Those who have become addicted to the antics and wry humor of Bujold's Miles Vorkosigan series will be somewhat surprised by this book, but not disappointed. As her second entry into the world of fantasy, she shows in this book the same talent, dedication to detail, and adherence to the strictures of good writing applicable to the chosen genre as she does in her science fiction works.
Typical of many fantasy works, the imagined world is one of a feudal society, with technology appropriate to the Middle Ages, and deals almost entirely with the trials and tribulations of its aristocracy. But odd sidelights are shown on the working class folks, as we learn the details Lupe dy Cazaril experiences. A minor lord who was betrayed into slavery, we open the book with Caz, now a physically broken man, penniless, walks back to the only place he can think of that might offer him at least some sort of job, the castle at Valenda. Fate here is a little kinder, as he is given the job of tutor to royesse Iselle, sister to the heir of Chalion, and her lady in waiting Betriz, a job well suited to his current physical condition, requiring only quick wits and getting his charges to respect him. But this post leads Caz into the deep waters of court intrigue when the two girls and the fourteen-year old heir are called to the royal court of Cardegoss.
For the first 150 pages, there is very little magic, nothing to separate this world from the mundane, except one instance of 'death magic', an item that is attempted only rarely, as, when successful, it invariably kills the practitioner as well as the desired target. But when Iselle is promised to Dondo, brother of the Lord Chancellor, whom she decidedly despises, Caz attempts this magic himself, as the only way he sees to protect her. The fallout from this forms the main basis of the plot, complete with mystery, action, and an unraveling of a curse that exposes the much nearer relationship of the gods of this world to its inhabitants than is seen in our world. The invented religion shown here is one of the main points of departure from our own, and is inventive, believable, and inextricably tied to the plot action.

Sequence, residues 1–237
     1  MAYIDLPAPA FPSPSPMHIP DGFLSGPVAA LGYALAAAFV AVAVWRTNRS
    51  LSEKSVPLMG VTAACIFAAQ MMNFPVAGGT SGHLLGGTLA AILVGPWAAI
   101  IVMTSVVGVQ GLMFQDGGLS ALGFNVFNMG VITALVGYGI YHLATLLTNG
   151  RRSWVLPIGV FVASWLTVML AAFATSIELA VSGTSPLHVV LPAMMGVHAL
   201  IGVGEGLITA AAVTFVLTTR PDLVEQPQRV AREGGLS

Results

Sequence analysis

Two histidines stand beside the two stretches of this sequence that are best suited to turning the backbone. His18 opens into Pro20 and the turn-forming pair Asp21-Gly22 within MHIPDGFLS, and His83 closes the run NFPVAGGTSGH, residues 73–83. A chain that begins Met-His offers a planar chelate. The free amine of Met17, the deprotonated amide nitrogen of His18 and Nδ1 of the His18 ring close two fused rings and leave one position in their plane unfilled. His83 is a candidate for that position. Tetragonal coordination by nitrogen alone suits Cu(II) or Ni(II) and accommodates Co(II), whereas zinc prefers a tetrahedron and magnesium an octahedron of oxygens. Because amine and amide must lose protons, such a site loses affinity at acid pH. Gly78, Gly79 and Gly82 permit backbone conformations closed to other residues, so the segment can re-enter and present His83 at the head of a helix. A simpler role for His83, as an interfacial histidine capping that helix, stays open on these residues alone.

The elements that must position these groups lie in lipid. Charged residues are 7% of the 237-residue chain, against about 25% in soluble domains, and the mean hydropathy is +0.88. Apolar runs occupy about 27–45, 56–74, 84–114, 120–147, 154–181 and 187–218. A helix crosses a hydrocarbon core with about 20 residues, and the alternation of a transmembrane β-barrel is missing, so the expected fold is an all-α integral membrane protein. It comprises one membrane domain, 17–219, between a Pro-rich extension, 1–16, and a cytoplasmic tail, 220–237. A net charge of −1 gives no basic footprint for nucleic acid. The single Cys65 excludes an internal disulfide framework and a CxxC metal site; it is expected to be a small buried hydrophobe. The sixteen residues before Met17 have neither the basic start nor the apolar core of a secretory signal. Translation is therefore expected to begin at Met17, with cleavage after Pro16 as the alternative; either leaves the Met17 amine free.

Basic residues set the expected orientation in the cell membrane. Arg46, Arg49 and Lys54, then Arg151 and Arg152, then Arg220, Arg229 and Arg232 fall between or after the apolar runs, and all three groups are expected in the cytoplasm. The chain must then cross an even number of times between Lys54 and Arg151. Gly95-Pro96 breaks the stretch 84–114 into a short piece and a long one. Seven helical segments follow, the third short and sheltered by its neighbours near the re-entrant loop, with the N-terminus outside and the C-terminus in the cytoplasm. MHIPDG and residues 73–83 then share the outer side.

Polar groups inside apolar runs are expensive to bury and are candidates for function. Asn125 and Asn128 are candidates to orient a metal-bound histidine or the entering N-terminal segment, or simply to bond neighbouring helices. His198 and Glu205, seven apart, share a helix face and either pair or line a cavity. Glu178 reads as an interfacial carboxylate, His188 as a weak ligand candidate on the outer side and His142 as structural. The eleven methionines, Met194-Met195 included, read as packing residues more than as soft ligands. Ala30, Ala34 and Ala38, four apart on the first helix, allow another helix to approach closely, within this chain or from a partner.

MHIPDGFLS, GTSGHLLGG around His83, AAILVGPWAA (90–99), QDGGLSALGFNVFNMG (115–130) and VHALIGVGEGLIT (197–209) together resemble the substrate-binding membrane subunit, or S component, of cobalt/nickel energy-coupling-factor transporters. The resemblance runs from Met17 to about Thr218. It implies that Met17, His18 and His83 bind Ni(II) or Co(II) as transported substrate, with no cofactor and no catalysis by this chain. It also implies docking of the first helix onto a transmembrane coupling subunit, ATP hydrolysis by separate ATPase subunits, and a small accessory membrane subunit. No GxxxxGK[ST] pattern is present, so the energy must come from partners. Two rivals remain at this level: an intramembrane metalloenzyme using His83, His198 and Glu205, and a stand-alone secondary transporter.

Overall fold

Caz is a true man of honor, as we are shown in incident after incident. This is one of the appeals of most fantasy works, as heroes are common coin, not relegated to the trashbin of other literary forms, and makes for interesting, uplifting reading. Iselle and Betriz are originally shown as typical teenage girls, flighty and irresponsible, but they show a sudden change to much more mature individuals after Iselle's bethrothal, a change I found a little difficult to believe due to its rapidity. But as adult characters they show steel, inventiveness, recognition of those true to them, characteristics of proper heroines. The minor characters are interesting and in many cases given a fair amount of development, leading to a very satisfactory intertwining of motivations, treachery, and incident. The romance that develops between Caz and Betritz is predictable, but well handled.
Most of the humor that suffuses her Miles books is missing here, and perhaps this book would have been a little better if more of it had been present. But as it is this is a satisfying read, with characters you can empathize with, and just enough touch of different, of things not as they are in our world, to whet your appetite for more words about this world.
Reviewed by Patrick Shepherd (hyperpat)